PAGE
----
Now, how about letting me twist your mind a little further? In the example on the previous page, I stated that there could only be one entry for each ship in the fleet. Let's now modify that statement a little and permit repetitions, so long as the the combination of ship name and droid code is unique.
The following XML document sample might make this clearer:
As you can see above, my document includes more than one entry for a particular
ship name. However, the combination of ship and droid is unique. In order to ensure that this rule is followed consistently, I need to update my schema definition to use what is known as a "unique composed value". A unique composed value specifies uniqueness of an element by using two (or more) parameters.
Next question: how do you defined a unique composed value?
It's pretty simple - all I've done is add an additional field to the <xsd:unique>
element, in order to ensure that only the combined set of ship name and droid type is unique. You don't have to stop there either - a unique composed value may be made up of as many components as you like.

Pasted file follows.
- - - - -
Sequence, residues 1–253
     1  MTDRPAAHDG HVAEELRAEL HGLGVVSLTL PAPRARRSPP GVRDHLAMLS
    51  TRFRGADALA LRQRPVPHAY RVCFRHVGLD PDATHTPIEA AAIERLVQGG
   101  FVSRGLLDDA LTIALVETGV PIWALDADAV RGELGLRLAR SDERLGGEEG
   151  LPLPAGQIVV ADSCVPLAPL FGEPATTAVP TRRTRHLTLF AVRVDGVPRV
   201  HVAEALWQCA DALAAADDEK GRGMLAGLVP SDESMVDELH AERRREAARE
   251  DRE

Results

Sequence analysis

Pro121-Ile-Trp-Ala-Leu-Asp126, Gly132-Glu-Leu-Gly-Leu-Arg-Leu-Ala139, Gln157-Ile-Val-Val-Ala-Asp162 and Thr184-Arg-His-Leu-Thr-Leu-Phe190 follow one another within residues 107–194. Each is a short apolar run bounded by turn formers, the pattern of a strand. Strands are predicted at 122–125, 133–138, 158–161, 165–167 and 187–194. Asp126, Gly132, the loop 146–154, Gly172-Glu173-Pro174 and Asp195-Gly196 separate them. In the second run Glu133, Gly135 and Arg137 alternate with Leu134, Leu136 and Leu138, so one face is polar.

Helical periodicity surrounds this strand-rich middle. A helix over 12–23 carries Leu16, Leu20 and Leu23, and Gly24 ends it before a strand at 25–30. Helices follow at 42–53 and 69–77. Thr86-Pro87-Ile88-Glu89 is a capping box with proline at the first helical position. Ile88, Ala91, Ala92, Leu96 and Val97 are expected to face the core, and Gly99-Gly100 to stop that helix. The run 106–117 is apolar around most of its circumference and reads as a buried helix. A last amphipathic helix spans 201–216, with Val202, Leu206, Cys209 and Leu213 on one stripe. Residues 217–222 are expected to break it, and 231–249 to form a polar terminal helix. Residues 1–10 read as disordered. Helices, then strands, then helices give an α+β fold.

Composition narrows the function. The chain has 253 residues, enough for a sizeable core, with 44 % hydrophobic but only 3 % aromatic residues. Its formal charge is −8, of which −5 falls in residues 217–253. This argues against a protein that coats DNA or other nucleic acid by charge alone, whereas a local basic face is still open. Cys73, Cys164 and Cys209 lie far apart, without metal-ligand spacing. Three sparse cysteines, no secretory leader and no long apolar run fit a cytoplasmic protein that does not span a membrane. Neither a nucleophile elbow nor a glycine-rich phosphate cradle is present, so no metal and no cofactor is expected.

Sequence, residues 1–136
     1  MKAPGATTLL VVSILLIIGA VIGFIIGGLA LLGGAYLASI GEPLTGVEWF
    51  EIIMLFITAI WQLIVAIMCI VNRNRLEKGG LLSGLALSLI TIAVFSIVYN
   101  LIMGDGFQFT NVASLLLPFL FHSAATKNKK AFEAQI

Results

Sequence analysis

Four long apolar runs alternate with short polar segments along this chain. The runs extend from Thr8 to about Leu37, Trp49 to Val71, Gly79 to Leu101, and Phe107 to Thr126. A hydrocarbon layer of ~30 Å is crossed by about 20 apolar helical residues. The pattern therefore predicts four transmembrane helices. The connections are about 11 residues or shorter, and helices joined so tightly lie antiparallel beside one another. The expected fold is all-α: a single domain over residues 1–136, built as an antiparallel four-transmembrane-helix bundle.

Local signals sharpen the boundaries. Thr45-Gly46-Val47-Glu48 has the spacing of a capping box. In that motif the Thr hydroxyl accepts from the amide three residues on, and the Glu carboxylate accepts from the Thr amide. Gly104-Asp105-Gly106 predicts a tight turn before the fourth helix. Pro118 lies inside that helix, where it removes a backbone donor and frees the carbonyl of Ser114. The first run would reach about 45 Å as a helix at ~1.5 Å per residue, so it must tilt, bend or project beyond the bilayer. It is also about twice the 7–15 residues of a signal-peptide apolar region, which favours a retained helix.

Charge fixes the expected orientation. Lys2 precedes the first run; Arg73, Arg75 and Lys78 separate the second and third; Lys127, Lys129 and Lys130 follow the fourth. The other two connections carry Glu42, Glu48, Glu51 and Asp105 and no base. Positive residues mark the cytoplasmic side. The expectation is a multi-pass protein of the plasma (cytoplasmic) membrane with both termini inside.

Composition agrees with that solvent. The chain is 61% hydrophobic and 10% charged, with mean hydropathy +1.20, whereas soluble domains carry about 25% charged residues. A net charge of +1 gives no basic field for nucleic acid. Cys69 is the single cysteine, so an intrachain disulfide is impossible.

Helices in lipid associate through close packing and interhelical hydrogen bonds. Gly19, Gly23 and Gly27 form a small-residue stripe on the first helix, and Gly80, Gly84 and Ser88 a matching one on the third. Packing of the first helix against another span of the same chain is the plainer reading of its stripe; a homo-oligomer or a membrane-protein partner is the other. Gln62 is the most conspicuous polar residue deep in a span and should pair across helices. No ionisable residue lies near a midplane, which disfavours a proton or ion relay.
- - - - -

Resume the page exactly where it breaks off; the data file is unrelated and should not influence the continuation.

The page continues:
How do I know that this actually works? Create a duplicate entry in the XML document above, validate the file, and see what happens. Your XML validator should start complaining bitterly about uniqueness constraint violations.
And that's about it for the moment. In this article, I introduced you to the concept of uniqueness in the XML Schema world, showing you how to use built-in schema constructs to enforce uniqueness within your XML document instances. I also showed you how you could replicate RDBMS referential integrity constraints within the context of an XML document, using schema equivalents of primary and foreign keys, and creating relationships between the different nodes of an XML document. All these techniques come in handy to reduce errors when you're building schema definitions which contain internal inter-relationships that need to be rigidly enforced across document instances.
In the next (and final) article in this series, I'll be wrapping up this discussion of advanced schema theory with an overview of XML namespaces, and how they fit into the XML Schema picture. Make sure you come back for that one!
Note: All examples in this article have been tested on Linux/i586. Examples are illustrative only, and are not meant for a production environment. Melonfire provides no warranties or support for the source code described in this article. YMMV!